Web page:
On Sunday and Monday nights they have jazz music starting at 9:00 and there is a cover charge. It was Monday, but I called for a Lyft ride and returned to the hotel to refresh before dinner and to find a bookstore. There aren’t as many independent bookstores as there used to be but I found the Strand and got lost in the stacks on a bit of a shopping spree, then enjoyed a delicious and almost normal price steak dinner at Phebe’s at 361 Bowery.
My son surprised me by requesting to go to a Broadway show, preferably a musical, on the first night he joined me in the City. My cousin Carrie is my go-to on all things Broadway and the theater. First I looked up what was playing in the New Yorker magazine and what tickets were on sale on TodayTix. I came up with a short list of possible shows that I had not yet seen: The Play That Goes Wrong, War Paint, and Waitress. Carrie had already seen Waitress and wasn’t bowled over. She had friends who said pass on The Play That Goes Wrong. She could get discount tickets to War Paint through her theater union. We were set.
Carrie has a go to before the Theater dinner place that is in the district. We met up at the Hourglass and had a delicious meal at a reasonable price for New York City. The service ws speedy and luckily the cousins Tevis and Carrie and slight enough to share the tiny table with me.
We got to the theater in plenty of time to use the restroom and find our seats on the first level. The Nederlander Theatre on West 41st Street is large enough to be called a Broadway venue and have the musical considered for Tony awards–just big enough.
We didn’t tell Tevis that the plot was about two make-up mavens who defined 20th Century beauty for women. He gave us a hard time about it at intermission and admitted that there was enough fireworks over their business rivalry to make it interesting to all.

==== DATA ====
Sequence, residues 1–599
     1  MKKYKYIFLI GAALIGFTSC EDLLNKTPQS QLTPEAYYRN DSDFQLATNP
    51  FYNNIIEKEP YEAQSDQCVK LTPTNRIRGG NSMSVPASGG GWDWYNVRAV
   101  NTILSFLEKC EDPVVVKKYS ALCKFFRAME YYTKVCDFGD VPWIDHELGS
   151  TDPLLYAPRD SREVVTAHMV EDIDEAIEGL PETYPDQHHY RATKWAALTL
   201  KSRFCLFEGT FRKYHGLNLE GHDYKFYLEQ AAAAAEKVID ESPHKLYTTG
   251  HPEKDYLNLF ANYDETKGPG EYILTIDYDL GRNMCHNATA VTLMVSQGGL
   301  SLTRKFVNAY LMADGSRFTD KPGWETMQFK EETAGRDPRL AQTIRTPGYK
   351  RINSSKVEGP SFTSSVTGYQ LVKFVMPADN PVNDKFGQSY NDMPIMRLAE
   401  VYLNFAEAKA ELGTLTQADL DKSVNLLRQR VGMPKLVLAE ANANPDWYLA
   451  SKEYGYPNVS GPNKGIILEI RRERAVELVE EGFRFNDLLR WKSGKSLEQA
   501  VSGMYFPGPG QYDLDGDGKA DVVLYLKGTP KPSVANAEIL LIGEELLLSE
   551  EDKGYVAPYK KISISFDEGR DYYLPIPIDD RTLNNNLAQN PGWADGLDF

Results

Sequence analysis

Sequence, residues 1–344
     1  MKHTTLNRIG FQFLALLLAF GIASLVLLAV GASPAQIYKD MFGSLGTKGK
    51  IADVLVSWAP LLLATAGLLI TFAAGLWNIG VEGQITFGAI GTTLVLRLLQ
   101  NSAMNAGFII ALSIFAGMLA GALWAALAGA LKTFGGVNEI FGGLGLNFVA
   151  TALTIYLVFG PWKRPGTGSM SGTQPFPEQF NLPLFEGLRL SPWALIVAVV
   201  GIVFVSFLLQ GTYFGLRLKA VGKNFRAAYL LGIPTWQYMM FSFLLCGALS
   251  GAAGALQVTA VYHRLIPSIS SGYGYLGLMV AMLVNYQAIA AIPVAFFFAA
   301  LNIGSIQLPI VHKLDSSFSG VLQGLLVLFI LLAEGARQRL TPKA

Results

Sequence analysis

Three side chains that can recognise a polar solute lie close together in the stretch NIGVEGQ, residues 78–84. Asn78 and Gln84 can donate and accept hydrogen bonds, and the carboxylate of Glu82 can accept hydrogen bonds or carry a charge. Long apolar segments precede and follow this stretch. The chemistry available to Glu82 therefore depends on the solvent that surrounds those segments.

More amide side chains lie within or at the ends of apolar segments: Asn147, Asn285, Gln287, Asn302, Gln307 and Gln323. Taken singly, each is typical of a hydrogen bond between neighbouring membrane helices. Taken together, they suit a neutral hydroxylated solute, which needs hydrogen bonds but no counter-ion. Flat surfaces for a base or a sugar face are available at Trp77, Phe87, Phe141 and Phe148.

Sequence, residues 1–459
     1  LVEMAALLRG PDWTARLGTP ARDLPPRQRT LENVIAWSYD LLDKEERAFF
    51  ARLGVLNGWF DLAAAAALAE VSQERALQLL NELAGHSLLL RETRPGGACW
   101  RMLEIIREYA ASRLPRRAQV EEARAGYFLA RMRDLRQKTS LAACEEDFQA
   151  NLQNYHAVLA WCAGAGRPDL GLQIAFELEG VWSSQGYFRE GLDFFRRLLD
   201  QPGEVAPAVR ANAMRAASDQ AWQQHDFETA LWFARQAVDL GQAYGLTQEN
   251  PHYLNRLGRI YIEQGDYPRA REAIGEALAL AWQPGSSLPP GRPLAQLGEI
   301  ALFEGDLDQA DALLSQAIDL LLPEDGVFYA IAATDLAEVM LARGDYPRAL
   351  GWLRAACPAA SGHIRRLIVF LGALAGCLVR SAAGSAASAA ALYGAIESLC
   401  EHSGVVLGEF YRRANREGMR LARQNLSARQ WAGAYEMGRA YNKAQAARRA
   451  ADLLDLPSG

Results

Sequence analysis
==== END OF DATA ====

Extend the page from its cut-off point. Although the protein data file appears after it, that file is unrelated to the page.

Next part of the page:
Christine Ebersole as Elizabeth Arden has the first big number and her voice is strong and assured. I settled back in my chair knowing that once again the raised bar of Broadway was going to be met. This was confirmed with each subsequent performance and especially Arden’s nemesis Helena Rubenstein played by Patti LuPone.
Reminded of Steve Martin’s short story “Cruel Shoes”
Ironically, at my age you’d think I’d know the dangers of placing beauty above comfort. Alas I wore new shoes rather than ones that might clash with my outfit and paid the price. After walking to dinner and the theater from our hotel on 50th and Lexington I was in some pain. We took a cab back to the hotel. The rest of the trip I was reminded of the lessons I took away from War Paint: don’t accept unquestioningly society’s idea of beauty–look with your own eyes; don’t fall for marketing gimmicks that get you to pay three times more for “horse liniment” because it’s in a pretty package; and make peace with aging and change because it happens to everyone. And don’t wear uncomfortable clothing just to look good.
Everytime I go to Humboldt County to visit friends I don’t have a serious intention of shopping. Then Harriet and I start fossicking around Arcata. All of the shops are unique and interesting–no chain stores on the Plaza. There are certain stores we always pop into. This particular day Nora wanted to have brunch at Renata’s Creperie. We stopped at the aptly named Fabric Temptations and I bought a wonderful book called Hygge Knits. Then on to Hot Knots to browse at clothes and the Garden Gate for garden related gifts. We walked across the street to Caravan of Dreams where I found the ceramic pie pan that had been elusive.